Italy were always most rife with internal dissension in Florence. Almost every period has- its party nicknames, the number and variety of which are not a little curious. First of course we have the well known fend between the Guelphs and Ghibellines, but then we descend to Neri and Bianchi, to the various subdivisions of the people into "Popolo minuto " and "Popolani Grassi," "Sand" and "Grandi," "Popolaccio," "Plebe," and " Plebaglia."
In the time of Medici parties were divided into the " Buoni " and the "Belli," the "Good" and the " Good-looking." Again, we meet with " Valacchi".(Wallachians) contrasted with "Uomini bene," "Men of respectability," which seems a cruel slur on a whole
nation. The followers of Cosmo dei Medici were called " Puccini." During the strife between the Pitti and the Medici the followers
of the first were called the party- of the " Poggio," as the Pitti Palace was on a hill, and the followers of the second the party of, the "Piano," as the Medici palace stood on the plain. At a later date the supporters of Savonarola were-called the " Piagnoni," or 4‘ Whimperers," and his opponents were the " Ottimati" or. the
" Arrabiati." The great bell of the Convent of St. Mark's, which clanged while the enemies of Savonarola were storming the con- vent, was called the " Piagnona."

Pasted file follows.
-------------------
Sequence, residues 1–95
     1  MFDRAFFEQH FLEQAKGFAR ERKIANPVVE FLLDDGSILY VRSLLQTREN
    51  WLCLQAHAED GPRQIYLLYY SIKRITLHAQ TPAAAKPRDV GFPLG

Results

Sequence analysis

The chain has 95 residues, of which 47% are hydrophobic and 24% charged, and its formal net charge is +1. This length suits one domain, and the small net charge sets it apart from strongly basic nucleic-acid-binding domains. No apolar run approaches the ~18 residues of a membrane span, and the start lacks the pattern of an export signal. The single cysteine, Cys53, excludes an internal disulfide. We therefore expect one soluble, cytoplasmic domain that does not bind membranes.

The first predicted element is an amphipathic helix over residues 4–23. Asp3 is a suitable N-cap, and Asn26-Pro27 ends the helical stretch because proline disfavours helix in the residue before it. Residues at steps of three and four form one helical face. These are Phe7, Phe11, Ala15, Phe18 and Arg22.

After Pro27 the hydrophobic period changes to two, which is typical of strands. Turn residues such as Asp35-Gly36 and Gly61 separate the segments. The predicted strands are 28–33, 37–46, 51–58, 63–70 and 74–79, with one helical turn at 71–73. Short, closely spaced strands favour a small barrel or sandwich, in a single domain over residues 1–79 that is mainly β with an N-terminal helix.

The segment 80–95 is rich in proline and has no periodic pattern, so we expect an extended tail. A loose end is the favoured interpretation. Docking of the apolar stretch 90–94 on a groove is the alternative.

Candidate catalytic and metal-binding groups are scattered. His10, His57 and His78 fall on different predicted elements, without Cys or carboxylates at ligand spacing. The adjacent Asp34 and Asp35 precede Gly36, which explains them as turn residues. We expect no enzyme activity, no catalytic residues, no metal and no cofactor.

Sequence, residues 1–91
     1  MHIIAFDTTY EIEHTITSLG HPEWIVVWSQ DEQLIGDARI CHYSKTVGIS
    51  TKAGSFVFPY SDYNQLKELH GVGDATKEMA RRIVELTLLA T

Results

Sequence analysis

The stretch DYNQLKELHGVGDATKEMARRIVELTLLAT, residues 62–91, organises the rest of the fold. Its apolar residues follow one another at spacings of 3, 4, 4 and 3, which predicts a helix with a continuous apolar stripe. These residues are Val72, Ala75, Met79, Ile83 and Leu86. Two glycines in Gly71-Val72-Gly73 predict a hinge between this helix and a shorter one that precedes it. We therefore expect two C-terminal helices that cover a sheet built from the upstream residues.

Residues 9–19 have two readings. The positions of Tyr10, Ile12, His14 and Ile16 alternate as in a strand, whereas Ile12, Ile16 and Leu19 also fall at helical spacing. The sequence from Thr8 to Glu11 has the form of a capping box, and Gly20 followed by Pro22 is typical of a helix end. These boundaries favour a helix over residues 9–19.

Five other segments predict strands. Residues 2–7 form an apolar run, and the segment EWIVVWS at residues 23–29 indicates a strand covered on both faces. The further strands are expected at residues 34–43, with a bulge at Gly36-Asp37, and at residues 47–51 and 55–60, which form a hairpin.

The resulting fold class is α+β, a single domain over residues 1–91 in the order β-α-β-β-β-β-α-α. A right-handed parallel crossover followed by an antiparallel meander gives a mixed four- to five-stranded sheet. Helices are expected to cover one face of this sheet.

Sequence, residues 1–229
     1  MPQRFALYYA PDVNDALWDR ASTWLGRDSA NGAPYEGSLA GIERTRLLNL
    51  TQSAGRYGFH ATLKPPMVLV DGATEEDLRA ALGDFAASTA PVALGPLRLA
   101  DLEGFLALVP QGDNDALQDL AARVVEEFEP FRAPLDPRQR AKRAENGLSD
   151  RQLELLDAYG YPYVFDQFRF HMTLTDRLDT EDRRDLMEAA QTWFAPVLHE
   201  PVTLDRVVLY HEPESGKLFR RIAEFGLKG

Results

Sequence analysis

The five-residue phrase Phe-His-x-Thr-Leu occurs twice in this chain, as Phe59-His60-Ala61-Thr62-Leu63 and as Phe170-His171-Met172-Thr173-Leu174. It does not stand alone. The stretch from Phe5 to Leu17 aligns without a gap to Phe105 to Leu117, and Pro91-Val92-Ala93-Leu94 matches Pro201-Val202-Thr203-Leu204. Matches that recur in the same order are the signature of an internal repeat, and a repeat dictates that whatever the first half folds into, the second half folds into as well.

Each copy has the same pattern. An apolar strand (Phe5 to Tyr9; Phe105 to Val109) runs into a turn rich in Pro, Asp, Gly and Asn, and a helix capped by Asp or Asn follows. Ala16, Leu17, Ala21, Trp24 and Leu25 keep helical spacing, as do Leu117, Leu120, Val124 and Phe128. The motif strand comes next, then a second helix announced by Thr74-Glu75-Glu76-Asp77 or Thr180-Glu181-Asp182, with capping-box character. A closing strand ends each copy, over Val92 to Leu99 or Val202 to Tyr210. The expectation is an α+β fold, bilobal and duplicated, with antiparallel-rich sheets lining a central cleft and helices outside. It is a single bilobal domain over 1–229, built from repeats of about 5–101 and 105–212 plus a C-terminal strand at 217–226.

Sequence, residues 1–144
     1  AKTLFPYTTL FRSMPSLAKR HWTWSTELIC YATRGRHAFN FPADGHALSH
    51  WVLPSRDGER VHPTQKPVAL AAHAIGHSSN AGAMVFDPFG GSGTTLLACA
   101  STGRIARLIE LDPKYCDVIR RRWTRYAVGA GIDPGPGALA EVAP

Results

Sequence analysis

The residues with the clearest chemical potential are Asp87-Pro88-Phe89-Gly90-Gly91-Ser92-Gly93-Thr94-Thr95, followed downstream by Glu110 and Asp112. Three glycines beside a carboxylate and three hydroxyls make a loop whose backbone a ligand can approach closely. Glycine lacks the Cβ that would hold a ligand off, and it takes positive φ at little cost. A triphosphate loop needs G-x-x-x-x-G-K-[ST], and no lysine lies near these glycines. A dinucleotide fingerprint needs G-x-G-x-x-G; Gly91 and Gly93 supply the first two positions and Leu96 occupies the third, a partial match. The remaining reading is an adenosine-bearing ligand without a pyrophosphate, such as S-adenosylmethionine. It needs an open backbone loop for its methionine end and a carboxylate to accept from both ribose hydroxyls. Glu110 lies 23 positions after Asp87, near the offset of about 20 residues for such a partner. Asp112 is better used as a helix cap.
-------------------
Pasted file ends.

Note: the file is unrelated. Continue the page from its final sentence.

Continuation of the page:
Each of these names marks an epoch in the history of Florence, yet odd as these names seem, almost each of them bears witness to some crime or deed of violence. The last we have mentioned is the worst, and reflects the utmost dishonour on the city. But earlier parties would have carried things to as great a leugth if they had had the power. Dante was merely exiled, while Savo- narola was burnt; but if Dante had fallen into the hands of his enemies, he would have met with thesamelate. At the time of the rise of Cosmo dei Medici to power his enemies discussed the means of getting rid, of him, and one of them lamented the difficulty of putting him to death in a lawful manner.. But if it had not been that his murder would have handed over Florence to the Albizzi, Cosmo would certainly have been murdered. And to judge by the view which the Florentines took of murder, his death in such a way would probably have prevented the rise-. of his family. In a city where death by legal means was a phrase implying laws wrested by corrupt judges, and a culprit too poor to buy himself off or too unpopular to be backed by any considerable party, a murder, if accomplished safely and not avenged, was a sure pass- port to public favour. By the time the enemies of the Medici had made up their minds to take this extreme step, the family was too well established, guards surrounded the saered person of Lorenzo, and the people had been won over to his cause. It seems strange that Savonarola should not have possessed the same power.